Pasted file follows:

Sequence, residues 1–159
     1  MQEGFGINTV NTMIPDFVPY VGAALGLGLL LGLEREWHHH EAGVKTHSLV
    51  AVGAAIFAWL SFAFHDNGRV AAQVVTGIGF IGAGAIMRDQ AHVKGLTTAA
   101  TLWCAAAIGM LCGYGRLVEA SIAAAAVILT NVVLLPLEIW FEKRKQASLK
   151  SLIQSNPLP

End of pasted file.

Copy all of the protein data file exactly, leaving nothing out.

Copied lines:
Sequence, residues 1–159
     1  MQEGFGINTV NTMIPDFVPY VGAALGLGLL LGLEREWHHH EAGVKTHSLV
    51  AVGAAIFAWL SFAFHDNGRV AAQVVTGIGF IGAGAIMRDQ AHVKGLTTAA
   101  TLWCAAAIGM LCGYGRLVEA SIAAAAVILT NVVLLPLEIW FEKRKQASLK
   151  SLIQSNPLP